I think it’s in the very nature of what Space Dandy is trying to do that it’s going to be somewhat hit-and-miss. The series has pretty much dispensed with traditional plot and character development to the point where it effectively hits the reset button at the end of every episode. The show seems to be pretty much free-association, no limit insanity – and when you go that route, some gags are going to work better than others. Of the three episodes we’ve seen so far, only the second really hit every note from start to finish – I’d rank this one about on-par with the second (and far better) half of the first episode in terms of batting average.
One thing you know you’re always going to get here is imagination. Truthfully this is the most genuinely psychedelic anime I’ve seen in years – I’ve seen a lot of shows try and fake it, but it’s something that can’t be faked. You can’t try and be psychedelic – it’s just something that either happens or doesn’t. There’s no put-on here – the weirdness is genuinely weird, the product of what’s obviously a very liberal creative process (at the very least) and an enormously talented staff. This week Watanabe-sensei brought in Steins;Gate director Hamsaki Hiroshi to storyboard and direct, and JoJo Animation Director Akita Manabu.
You get the feeling these folks are relishing the opportunity to cut loose and try stuff they’ve never been able to try before. Again, by its very nature that’s going to lead to some big hits and some big misses, but it’s always going to be interesting. One thing that does puzzle me a bit is why so many insist on comparing Space Dandy to Cowboy Bebop. Sure, Watanabe directed both – but when he did Sakamichi no Apollon in 2012 I didn’t hear it being constantly compared to CB. It’s odd how it almost seems as if the world has forgotten that show even exists, and indeed the intervening decade-plus may just as well have not happened, and Watanabe went straight from the finale of Cowboy Bebop to the premiere of SD. I think he should have been taken at his word that this series was going to be a lunatic, lowbrow comedy and nothing else – because that’s exactly what it seems he’s intent on delivering.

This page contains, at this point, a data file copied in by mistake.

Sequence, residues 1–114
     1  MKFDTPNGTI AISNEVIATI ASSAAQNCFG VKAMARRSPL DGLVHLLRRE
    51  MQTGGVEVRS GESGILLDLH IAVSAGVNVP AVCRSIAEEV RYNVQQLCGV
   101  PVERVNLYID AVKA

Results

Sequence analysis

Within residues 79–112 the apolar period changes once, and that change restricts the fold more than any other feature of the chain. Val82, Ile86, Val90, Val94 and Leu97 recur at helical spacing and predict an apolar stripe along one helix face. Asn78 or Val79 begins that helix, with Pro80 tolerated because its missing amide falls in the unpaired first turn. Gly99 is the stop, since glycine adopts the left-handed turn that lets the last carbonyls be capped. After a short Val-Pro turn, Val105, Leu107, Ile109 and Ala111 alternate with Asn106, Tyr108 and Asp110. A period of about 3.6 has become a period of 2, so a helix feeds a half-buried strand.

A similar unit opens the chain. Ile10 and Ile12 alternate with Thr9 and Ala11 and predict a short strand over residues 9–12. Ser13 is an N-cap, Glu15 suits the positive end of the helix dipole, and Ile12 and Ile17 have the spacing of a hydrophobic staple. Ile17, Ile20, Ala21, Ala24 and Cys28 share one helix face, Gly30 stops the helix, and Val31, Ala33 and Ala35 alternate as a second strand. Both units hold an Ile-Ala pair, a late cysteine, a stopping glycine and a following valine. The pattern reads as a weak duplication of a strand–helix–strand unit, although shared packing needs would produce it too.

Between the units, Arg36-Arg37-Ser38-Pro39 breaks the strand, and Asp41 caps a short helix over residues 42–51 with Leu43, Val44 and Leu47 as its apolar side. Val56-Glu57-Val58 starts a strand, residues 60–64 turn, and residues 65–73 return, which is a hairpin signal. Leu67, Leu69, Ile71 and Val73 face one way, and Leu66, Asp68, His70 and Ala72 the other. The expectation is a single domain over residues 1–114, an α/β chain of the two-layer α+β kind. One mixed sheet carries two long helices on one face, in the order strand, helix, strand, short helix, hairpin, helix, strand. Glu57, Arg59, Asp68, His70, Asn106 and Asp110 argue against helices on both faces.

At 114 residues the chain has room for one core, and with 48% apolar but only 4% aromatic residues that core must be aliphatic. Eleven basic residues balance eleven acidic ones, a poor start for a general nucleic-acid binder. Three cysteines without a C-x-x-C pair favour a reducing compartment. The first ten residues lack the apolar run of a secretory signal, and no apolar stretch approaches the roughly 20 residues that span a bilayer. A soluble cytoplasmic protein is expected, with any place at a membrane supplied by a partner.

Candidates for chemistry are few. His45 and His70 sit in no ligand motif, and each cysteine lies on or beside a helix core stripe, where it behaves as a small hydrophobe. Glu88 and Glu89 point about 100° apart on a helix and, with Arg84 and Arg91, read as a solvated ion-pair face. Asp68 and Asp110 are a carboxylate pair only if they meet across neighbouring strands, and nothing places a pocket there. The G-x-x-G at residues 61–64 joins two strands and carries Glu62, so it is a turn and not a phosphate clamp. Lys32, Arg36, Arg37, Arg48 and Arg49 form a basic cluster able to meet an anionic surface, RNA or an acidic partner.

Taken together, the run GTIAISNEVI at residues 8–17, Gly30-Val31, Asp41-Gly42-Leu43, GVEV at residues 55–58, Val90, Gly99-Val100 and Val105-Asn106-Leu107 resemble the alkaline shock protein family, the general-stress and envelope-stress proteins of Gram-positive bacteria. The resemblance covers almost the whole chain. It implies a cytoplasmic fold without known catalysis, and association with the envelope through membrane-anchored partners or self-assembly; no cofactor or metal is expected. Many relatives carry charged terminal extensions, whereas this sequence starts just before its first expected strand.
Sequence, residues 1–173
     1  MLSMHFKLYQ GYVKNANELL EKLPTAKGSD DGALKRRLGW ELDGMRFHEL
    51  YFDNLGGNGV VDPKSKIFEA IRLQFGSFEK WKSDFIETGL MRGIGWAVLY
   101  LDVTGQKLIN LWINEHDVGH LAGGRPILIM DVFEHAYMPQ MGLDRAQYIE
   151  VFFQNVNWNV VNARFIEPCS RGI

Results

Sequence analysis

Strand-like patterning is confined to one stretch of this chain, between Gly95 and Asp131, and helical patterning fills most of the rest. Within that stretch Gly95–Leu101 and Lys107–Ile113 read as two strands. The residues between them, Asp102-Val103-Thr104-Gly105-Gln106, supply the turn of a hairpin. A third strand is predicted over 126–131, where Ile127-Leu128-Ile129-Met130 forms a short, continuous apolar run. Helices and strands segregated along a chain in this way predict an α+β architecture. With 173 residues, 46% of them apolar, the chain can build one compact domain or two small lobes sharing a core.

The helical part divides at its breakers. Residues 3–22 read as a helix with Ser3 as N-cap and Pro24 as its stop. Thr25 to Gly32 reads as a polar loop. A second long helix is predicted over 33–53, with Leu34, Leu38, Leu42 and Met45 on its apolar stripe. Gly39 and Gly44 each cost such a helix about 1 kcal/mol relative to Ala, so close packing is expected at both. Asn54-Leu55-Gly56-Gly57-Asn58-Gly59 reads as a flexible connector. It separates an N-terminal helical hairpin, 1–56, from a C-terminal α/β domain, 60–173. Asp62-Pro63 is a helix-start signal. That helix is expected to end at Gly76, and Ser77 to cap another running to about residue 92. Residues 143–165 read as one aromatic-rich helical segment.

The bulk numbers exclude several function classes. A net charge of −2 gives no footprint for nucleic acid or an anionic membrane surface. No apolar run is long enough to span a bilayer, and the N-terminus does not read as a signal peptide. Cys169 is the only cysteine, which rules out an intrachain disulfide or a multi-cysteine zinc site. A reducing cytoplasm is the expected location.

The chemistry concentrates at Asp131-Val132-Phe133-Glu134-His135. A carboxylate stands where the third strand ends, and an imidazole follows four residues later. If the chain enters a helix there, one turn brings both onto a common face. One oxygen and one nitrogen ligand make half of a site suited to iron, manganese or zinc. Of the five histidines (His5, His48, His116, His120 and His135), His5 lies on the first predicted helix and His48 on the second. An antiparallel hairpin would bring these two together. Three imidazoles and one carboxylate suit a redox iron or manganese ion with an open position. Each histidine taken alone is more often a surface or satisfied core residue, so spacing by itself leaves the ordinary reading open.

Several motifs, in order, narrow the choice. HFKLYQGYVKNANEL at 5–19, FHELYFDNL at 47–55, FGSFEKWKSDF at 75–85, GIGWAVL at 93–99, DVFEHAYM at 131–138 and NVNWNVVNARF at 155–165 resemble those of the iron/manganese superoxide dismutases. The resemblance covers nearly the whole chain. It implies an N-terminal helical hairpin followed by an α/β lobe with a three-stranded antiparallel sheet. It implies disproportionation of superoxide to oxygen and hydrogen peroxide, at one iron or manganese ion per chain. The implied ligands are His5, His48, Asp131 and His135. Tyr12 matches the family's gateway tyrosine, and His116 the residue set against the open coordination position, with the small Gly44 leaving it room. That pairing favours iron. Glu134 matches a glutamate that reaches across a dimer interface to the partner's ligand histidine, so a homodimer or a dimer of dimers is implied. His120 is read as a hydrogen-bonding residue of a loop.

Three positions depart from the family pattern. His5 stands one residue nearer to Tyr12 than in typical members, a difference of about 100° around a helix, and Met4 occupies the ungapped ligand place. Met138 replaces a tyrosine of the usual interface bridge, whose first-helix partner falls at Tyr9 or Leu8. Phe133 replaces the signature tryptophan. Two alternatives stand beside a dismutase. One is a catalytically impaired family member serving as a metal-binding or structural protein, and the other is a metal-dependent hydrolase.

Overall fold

As for this episode itself, it featured the debut of the strange creatures that first appeared in the epic six-minute PV featuring the full version of Okamura Yasayuki’s OP – beings I dubbed “vagina monsters” because, well… I mean – look at them. Funny thing though, they didn’t turn out to be monsters at all (in fact they were even already registered) but good samaritans – they were trying to warn Dandy & Co. that the damsel-in-distress, Mamitas (Taketastu Ayana) they’d encountered was in fact a “Deathgerian”, #1 on the most recent “12 Aliens You Don’t Want to Be Eaten By” annual ranking. Having watched Oreimo I can only say that the casting was spot-on here, but I’m not sure Watanabe was actually going for that on-purpose…
There’s just so much randomness flung at the camera here. QT’s “Buy 1 get 365 free” space food from 10,000 light years away – which is of course expired by 10,000 years (only the “sell by” date though, not the “consume by” date) was sure to play a role later in the episode. Meow revealing that no matter how much he doth protest, he’s basically a cat (and lunch). Searching for the nearest Boobies (Dandy’s point card was about to expire) in the “Galaxy of Mexico”. And best of all, for me, the grand battle between Mamitas – now transformed into a kind of Cthulhu oppai monster (most nipples in the galaxy, surely) doing battle with the “Mini Aloha” – an escape pod from the Aloha Oe that transformed into a mecha wearing a Hawaiian shirt whose name is “Hawaii-Yankee” and who looks eerily like Canti from FLCL (which is probably the last show that was this legitimately psychedelic, though it was also a lot more emotionally resonant). That battle sequence was the highlight of the episode – fantastically drawn and animated.
In truth, my feeling is that this style of series has a certain self-limiting quality to it. When you’re not trying for anything of substance with the recurring plot or characters, the whole ballgame is being hilarious and being great to look at – there’s no net so if you whiff on those, it’s just “splat”. I think the visuals are going to be a constant, and I expect the humor to likely be about what we’ve seen – ranging from intermittently funny to outright brilliant. I love the limitless imagination that’s on display here, and there may even be a certain profundity that occasionally creeps in when it ventures deep into the Jungian realms of the subconscious. Mostly, though, it’s just a strap-in and enjoy the ride kind of thing – and as long as the expectations are in-line with what the ambitions of the show are, I think Space Dandy is going to deliver most of the time.